But as the school year got underway, some AA members faced scheduling conflicts, time constraints and creative or technical hurdles. “They’re really determined artists. What they didn’t realize is this year is a different year,” says Pingel, noting that half the group’s members are now seniors, with more demands on their time. “It’s been a little painful (for them), especially to have it be different.”
At one of AA’s weekly production meetings in February, the teens decided to keep the “fringe” concept and all of the planned projects but spread the performances over three weekends instead of one. This would accommodate different schedules and allow more teens to get involved.
“The hardest and best thing about AA is working as a collaborative,” says Delk, who is project manager for the “TrAAil Mix” event. “You cannot imagine how difficult it is, when every single person in the room has a different idea and approach for getting to our destination, and all of them
will be extremely creative, unique and valid. It can get rather loud. But this is also the best thing about AA. We’re all equal, so it’s like our own system of checks and balances.”
One of the highlights of “TrAAil Mix” will be a three-act play (untitled as of press time) that Klein and Bredbeck are writing, a coming-of-age story about a 19-year-old college dropout from Pennsylvania. “He doesn’t know what the next step in life is,” Klein says. “He ends up taking a trip to Brazil, where his aunt and uncle live, and he learns so much. Basically, the theme is: ‘Do what makes you happy. Go for it.’ ”
Klein also will direct the event’s full-length musical, which is called “Title of Show.” Meredith Toebben, a junior at Johnston High School who Klein says is “a wonderful composer,” will be music director.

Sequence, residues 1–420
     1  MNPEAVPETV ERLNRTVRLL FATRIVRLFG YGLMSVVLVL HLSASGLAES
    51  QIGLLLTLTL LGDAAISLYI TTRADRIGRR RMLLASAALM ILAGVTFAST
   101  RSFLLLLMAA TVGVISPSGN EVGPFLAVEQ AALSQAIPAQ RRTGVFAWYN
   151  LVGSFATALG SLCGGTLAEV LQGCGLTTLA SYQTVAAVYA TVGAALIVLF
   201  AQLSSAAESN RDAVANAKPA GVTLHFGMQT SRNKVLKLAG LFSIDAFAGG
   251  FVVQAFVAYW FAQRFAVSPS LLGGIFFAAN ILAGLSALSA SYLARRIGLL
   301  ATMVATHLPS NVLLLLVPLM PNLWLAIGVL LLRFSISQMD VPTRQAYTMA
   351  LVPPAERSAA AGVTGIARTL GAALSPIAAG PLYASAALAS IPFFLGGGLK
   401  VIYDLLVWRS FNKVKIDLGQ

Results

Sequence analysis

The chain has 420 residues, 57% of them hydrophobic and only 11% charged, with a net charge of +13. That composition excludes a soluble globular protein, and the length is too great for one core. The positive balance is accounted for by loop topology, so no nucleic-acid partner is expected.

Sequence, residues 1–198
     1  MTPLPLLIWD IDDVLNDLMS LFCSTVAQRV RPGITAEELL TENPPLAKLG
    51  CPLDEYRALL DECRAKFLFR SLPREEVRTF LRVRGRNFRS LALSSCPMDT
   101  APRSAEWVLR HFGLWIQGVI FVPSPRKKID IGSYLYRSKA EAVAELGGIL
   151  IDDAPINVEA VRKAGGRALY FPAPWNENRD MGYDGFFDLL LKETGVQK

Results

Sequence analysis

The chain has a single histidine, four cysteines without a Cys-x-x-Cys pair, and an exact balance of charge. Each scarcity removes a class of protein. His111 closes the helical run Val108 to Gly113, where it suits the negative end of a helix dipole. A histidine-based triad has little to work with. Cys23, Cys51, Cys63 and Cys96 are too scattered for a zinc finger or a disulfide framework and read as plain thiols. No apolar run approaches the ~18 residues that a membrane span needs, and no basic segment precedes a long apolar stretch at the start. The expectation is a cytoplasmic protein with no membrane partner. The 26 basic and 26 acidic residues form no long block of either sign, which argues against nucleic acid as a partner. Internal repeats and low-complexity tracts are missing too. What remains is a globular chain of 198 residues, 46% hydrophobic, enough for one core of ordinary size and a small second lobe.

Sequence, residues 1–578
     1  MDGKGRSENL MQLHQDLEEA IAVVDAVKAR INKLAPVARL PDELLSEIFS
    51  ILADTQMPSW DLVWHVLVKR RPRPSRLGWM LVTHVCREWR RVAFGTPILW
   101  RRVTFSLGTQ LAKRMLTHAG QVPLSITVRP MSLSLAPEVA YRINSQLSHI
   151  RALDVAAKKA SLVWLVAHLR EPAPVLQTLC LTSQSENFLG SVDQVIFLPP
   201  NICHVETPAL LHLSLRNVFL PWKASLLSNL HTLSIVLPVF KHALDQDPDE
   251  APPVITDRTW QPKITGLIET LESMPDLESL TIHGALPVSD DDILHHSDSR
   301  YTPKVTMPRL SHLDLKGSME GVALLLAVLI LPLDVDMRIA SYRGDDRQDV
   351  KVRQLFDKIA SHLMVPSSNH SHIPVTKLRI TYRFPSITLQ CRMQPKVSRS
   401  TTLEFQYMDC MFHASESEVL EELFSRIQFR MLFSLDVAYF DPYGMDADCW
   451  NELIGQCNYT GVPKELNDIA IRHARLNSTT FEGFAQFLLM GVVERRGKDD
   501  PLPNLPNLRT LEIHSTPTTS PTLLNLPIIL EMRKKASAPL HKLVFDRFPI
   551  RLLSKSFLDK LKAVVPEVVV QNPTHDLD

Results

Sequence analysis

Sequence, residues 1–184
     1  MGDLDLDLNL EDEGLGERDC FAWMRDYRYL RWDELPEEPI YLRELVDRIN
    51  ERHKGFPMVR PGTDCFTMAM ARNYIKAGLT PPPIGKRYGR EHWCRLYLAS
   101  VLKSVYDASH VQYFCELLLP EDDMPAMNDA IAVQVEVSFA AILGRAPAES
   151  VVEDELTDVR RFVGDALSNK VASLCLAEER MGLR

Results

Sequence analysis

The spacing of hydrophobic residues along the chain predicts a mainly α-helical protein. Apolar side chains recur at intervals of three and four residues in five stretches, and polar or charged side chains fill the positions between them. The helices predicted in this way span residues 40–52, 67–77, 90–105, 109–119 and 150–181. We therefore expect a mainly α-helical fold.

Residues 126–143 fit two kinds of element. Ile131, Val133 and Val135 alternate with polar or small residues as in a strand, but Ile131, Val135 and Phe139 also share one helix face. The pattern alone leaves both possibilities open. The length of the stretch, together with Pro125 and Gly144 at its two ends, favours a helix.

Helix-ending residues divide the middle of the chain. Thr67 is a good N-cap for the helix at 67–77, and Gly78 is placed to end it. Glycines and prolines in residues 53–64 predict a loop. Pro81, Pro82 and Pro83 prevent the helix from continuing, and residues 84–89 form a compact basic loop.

“Last year, we were still teenagers who liked theater and wanted to do something creative and different,” Klein says. Then they worked with “real money” and “real people” to put on a “real show,” she says. “We ended up learning so much, how to make a decision and take a risk, and succeed and fail. We had communication problems at one point, but we all came together and I think we’ve really grown as a team.”
Teens are rarely given opportunities to risk failure, says Pingel, who also is artistic director of the Kate Goldman Children’s Theatre. “Adults tend to want to put that safety net under them,” she says, “but my point to them always is, ‘Failure is not the end of it. What you learn from it and the fact that you’re still standing after the failure is important.’ ”
Pingel expects her young anarchists will become leaders in business, politics and the arts—wherever their aspirations lead—but not because they learned how to put on a show. “It’s because we enabled them to be great problem-solvers,” she says. “That’s my goal.”
Find Out More
Although adults act as mentors, the teens in Adolescent Anarchy are responsible for all aspects of “TrAAil Mix” and will rely on many other teens to perform and pitch in on crews. Interested high school students can call Kathy Pingel at the Des Moines Community Playhouse, 277.6261.
Adolescent Anarchy members:
Adolescent Anarchy will present three weekends of teen-created art and performances.
A full-length play by Elsa Klein and Connor Bredbeck and an art exhibit.
A musical called “Title of Show,” an art exhibit and a dance workshop.
A documentary film by Travis Reinders on AA’s making of “Lord of the
Flies,” a cabaret and an improvisational comedy show.